Insurance covers more mental health care than many people may realize, and more people soon will have the kind of health insurance that does so.
In the days following the Newtown, Conn., school shooting, parents and politicians took to the airwaves to make broad-based proclamations about the sorry state of mental health care in America.
But a closer look reveals a more nuanced view, with a great deal of recent legislative progress, as well as plenty of coverage gaps.
The stakes in any census of mental health insurance coverage are high given how many people are suffering: 26% of adults experience a diagnosable mental disorder in any given year, and 6% of adults experience a seriously debilitating mental illness, says the National Institute of Mental Health. And 21% of teens experience a severe emotional disturbance between ages 13-18.
According to this year's Society for Human Resource Management survey of 550 employers of all sizes, 85% offer at least some mental health insurance coverage.
For now, some people without health insurance or who buy it on their own may avoid purchasing mental health coverage, too.
This happens for many of the same reasons that there has historically been less mental health coverage than there has been for other illnesses. The earliest objections among insurance providers and employers were around whether mental disorders existed at all, says Howard Goldman, a professor of psychiatry at the University of Maryland school of medicine.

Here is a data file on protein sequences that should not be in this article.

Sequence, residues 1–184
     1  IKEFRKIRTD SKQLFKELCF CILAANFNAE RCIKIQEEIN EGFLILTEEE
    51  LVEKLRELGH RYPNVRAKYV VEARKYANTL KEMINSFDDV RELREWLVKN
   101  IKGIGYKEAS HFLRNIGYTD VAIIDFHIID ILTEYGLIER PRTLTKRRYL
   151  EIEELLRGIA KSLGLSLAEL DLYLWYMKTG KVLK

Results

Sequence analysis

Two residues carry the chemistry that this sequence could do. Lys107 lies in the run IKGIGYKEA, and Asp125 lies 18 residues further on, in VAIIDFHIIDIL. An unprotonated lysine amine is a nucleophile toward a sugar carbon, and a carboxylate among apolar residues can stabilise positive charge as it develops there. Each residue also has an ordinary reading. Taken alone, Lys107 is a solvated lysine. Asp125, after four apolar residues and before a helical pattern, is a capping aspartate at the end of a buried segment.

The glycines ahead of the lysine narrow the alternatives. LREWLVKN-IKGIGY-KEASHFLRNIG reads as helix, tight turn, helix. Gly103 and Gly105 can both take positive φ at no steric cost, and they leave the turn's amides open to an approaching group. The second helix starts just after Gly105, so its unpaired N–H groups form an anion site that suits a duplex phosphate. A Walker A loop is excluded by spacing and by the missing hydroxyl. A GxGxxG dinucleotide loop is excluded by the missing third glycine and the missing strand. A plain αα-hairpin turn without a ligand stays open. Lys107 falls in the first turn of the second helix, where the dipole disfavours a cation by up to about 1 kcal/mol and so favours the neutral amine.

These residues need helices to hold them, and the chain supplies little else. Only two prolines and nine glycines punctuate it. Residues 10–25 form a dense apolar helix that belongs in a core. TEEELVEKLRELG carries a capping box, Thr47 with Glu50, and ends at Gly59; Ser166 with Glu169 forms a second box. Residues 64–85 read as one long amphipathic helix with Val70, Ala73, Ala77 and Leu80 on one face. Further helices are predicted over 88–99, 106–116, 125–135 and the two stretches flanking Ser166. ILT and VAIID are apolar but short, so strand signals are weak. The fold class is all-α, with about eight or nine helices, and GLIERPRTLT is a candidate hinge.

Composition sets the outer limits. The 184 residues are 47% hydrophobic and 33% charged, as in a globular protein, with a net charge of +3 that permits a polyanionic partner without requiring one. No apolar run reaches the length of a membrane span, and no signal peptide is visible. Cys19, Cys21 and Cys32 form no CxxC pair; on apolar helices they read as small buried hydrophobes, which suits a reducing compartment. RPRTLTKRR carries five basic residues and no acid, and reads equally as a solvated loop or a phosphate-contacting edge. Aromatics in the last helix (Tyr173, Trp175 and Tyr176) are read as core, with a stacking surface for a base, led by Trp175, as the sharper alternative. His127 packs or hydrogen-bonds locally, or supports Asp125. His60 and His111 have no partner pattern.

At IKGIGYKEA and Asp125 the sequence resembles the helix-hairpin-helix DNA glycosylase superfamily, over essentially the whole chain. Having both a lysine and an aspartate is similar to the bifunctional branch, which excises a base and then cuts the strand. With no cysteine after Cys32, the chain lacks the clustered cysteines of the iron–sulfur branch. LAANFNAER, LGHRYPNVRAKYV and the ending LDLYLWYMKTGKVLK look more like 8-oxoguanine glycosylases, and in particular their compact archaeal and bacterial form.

Then there were questions about whether treatment actually worked.
Next, concerns arose over cost and how often people would avail themselves of costly mental health treatments.
But a subset of adults who have good insurance coverage still avoid treatment for mental illness, according to Edward A. Kaplan, senior vice president and national practice leader for The Segal Co., a benefits consultant that works with many unions.
"Culturally, a lot of people driving trucks don't believe in it and suffer through," he said. "And a lot of transport unions don't trust employers and think they will look at it and use it to retaliate against the workers."
For many of the people who do have mental health coverage, there is now a bit more of it at a lower cost than there might have been five years ago.
That's because a 2008 federal law requires employers with more than 50 employees that do offer mental health coverage to have no more restrictions and no higher costs for it than there are for physical injuries or surgery.
The combination of parity and expanded care is crucial, according to Anthony Wright, the executive director of Health Access, a consumer advocacy organization in California.
After all, parity doesn't do much good if the mental health coverage need only be equivalent to a lousy health insurance plan that covers very little.